|NOT my copy-- mine is much rougher shape|
I've bought some crazy lots over the years including a box of toys including a cow that was hard plastic and apparently could be set up to dispense milk, which I got because it was in the same lot as a really jinxy Planet of the Apes Bank in absolute MINT condition-- which I ended up reselling for about 10X what I paid for it.
One week I was there I wanted to bid on a lot of World War II era newspapers including one that said "JAPS SURRENDER!" which I would have framed and mailed to my brother who lives in the land of the rising sun and often finds himself at odds with their rather strange work ethics and boss/employee class system, but I wasn't able to stay long enough for it to come up.
It's set up quite nicely in an old factory with a little snack bar in the back so I usually grab a bite while I'm waiting for whatever I'm interested in to come up on the block.
This past visit I got there early enough to check out the preview-- on auction day they are open 830-5 so that bidder's can come in and take a look at the lots. It's nice to be able to go through them at a leisurely pace and decide if there's anything you're interested in. For this week I was looking for Old Vintage Photos for my good buddy Joanie Gage and those can be tough because they often come in huge scrapbooks so looking to find gems can take a bit of effort. Veronica was admiring a set of dishes and I came around the corner and saw a pile of Golden Age Comics sitting on the table being graded by someone next to Ron the auctioneer. There were quite a few Action Comics, some Star Spangled Comics, a few issues of All Star Comics and right there on top-- BATMAN #11.
This is dangerous because I'm carrying a good amount of cash, because my plan was to go get new tires at Harding Tire around the corner. It's bad to come across a rare item like this and to have money on you.
Golden Age Comics, for those not into the hobby-- are comics published from 1935 to the early 50s. There's heated debate among collectors as to when the Golden Age becomes the Silver Age but most agree it's the first appearance of The Martian Manhunter in 1955. I'd argue it's when the comics went from BIG to closer to what we think of today as comics. The first Golden Age comic book I ever saw was Batman #14-- great Penguin cover-- sitting on the display rack behind Paul Howley at his great store THAT'S ENTERTAINMENT when it was in a much smaller location on Chandler Street. I was probably 14 years old and when I bought it from Paul for $50 he was shocked that I was into the older stuff and I was blown away by how much bigger (both content and size) Golden Age comics were.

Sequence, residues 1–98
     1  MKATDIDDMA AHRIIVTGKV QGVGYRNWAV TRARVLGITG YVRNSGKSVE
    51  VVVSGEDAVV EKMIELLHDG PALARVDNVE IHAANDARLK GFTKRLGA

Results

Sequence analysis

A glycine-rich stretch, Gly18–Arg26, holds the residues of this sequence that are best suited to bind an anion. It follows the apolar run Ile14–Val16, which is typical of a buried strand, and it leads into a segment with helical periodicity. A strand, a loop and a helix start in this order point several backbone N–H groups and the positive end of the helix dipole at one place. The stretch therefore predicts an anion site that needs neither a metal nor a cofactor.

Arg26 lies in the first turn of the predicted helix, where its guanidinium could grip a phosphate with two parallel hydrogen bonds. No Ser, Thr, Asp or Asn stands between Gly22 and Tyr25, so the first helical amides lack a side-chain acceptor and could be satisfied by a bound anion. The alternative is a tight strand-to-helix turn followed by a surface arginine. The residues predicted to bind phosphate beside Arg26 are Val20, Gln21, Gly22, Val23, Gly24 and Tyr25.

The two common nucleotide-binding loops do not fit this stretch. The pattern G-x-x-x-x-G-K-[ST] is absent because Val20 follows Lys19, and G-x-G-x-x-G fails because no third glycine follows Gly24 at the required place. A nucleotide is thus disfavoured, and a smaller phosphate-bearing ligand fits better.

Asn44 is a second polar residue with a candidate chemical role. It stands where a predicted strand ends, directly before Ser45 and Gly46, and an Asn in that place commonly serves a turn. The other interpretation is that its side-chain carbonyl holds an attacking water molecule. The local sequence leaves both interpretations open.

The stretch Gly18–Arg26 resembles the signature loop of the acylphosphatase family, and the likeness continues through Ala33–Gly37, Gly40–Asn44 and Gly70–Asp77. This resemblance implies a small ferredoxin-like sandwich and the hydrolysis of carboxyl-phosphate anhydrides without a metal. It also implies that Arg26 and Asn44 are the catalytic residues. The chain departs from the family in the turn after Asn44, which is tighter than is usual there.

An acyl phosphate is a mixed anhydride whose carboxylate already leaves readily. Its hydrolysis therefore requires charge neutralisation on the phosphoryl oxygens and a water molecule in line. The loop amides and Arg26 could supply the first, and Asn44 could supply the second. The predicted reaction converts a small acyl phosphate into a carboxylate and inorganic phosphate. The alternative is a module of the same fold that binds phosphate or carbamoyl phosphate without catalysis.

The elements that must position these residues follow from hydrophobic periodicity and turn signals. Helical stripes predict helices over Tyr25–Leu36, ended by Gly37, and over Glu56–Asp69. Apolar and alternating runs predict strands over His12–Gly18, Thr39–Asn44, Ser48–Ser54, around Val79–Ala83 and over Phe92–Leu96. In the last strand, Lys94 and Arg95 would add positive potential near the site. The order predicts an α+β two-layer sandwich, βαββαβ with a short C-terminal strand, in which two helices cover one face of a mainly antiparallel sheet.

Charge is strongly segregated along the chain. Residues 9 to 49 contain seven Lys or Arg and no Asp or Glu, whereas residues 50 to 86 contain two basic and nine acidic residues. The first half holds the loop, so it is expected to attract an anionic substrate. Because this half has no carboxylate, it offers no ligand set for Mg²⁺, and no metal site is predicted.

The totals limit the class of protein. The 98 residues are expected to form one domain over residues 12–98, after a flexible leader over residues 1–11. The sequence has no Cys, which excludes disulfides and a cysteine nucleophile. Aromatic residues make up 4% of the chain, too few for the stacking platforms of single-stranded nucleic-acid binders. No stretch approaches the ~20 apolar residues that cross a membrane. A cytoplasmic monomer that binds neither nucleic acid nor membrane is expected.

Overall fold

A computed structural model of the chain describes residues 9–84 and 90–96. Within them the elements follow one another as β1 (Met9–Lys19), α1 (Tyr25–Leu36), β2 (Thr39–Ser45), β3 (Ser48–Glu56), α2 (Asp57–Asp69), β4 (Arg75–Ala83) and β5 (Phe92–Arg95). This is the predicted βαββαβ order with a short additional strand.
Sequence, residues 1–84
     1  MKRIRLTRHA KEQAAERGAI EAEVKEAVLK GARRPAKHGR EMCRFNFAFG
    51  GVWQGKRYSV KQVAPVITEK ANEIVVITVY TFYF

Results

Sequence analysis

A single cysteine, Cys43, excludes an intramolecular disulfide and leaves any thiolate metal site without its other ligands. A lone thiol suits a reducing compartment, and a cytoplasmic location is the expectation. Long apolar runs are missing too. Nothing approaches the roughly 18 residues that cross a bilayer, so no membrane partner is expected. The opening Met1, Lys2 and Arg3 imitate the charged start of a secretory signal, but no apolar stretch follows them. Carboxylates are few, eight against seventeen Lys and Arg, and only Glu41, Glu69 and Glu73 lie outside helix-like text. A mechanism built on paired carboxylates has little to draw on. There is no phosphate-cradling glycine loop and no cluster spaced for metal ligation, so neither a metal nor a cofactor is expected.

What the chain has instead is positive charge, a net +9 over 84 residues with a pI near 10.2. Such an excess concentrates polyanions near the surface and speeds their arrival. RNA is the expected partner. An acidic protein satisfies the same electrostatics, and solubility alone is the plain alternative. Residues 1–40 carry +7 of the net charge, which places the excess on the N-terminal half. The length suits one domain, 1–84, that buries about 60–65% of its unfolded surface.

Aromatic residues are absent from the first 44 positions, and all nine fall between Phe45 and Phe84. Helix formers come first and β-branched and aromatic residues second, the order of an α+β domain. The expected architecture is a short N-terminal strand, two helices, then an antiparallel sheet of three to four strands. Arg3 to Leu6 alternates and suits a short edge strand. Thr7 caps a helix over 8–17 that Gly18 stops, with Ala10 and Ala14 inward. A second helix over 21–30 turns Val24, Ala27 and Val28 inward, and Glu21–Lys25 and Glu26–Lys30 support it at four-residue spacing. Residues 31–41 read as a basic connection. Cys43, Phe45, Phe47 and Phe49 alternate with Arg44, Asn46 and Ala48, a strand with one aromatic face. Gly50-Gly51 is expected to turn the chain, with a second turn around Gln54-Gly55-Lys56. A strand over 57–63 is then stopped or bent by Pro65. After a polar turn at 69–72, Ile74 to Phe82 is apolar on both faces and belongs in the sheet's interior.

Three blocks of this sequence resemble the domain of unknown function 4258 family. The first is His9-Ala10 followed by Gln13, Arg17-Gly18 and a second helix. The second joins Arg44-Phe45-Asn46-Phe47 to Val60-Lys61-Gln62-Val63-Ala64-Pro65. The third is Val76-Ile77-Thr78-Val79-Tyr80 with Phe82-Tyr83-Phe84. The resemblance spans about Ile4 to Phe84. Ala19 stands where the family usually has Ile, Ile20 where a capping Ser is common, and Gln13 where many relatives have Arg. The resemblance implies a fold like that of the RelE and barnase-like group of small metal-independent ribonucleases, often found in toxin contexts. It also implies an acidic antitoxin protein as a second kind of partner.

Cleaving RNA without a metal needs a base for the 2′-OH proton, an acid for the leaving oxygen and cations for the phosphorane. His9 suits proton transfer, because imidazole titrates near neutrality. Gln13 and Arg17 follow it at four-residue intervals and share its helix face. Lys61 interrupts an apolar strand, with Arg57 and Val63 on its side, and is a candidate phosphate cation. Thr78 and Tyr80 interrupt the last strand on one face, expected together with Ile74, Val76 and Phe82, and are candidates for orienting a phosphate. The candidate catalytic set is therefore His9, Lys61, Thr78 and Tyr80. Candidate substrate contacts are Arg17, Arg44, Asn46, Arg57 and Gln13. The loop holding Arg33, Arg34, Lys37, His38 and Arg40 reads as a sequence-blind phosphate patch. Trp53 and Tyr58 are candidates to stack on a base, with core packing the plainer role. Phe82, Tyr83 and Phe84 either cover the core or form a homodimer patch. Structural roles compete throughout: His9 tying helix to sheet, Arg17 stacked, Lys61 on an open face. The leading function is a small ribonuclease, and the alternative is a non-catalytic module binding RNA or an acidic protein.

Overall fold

I ended up collecting Batman's #2-20 over the years, but #11 eluded me. I'd see it from time to time at conventions but it would be in the $2-3K price range and I just wasn't willing to pay that for it. Golden Age comics are particularly rare because there were paper drives during WWII that took most of them.
This was a book I had to have.
I graded it at a solid G condition and went home and looked it up in a pricing guide-- thinking maybe $700 I was shocked and saddened to see it graded out at about $1400 in this shape. Yikes!
When I got back to the auction I talked to Ron and he told me the book would be in a lot coming out by 730-- and he wished me luck in getting it. There were already several left bids for it and quite a few new faces in the auction house but I found my spot and waited.
As other lots came and went, I looked around to see who my competition was going to be. There was a guy who looked like Toby from AMERICAN SPLENDOR who bid on and won a really cool 1950s Japanese Toy Bus-- and he wasn't afraid to spend. Almost directly across from me was a guy who looked not much older than college age who was with either his girlfriend or sister and it was clear she was here for him.
As the first lot of books came out-- A run of Superman Action Comics-- he sat up-- this was my competition. Dave Hartwell, longtime legend among comic collectors both here in the Woo and in the industry as a whole came up behind me.
"Which lot are you bidding on, so I don't bid against you?"
It shows you how much class Dave has. And had he said he really wanted the Batman book I would have deferred to him too.
The Action Comics lot-- several books in fact-- went for about $1800-- the college guy outbid by someone on the bank of phone bidders over to the right.
The next lot included the Star Spangled Comics lot and that one only went for about $350-- there was hope that this wouldn't get out of control.
Auctions are a funny thing-- The auctioneer asks for $50-- nobody bids, then he asks for $25 and bids come in, pretty soon surpassing the original opening bid of $50 by several hundred dollars. It's the emotional attachment someone gets thinking they might get a deal, then they hang on.
I had a strategy. I would jump in when the opening bid hit $200-- far above what I thought it would actually start at-- hopefully taking the steam out of bargain hunters.
The Batman lot was the last lot of the comics to be offered.
All right-- I get my bidder card ready and College Boy is leaning forward. I'd hoped he was just a Superman fan, but no luck.
The bidding starts higher than I hoped and bounces around the room, College Boy, some phone bidders and those left bids drive it up-- then the auction slows and Ron announces going once...
I whip my card in the air-- he catches my bid.
Let's hope for a mild winter so these old tires of mine hold up.
The next auction is Thursday the 15th.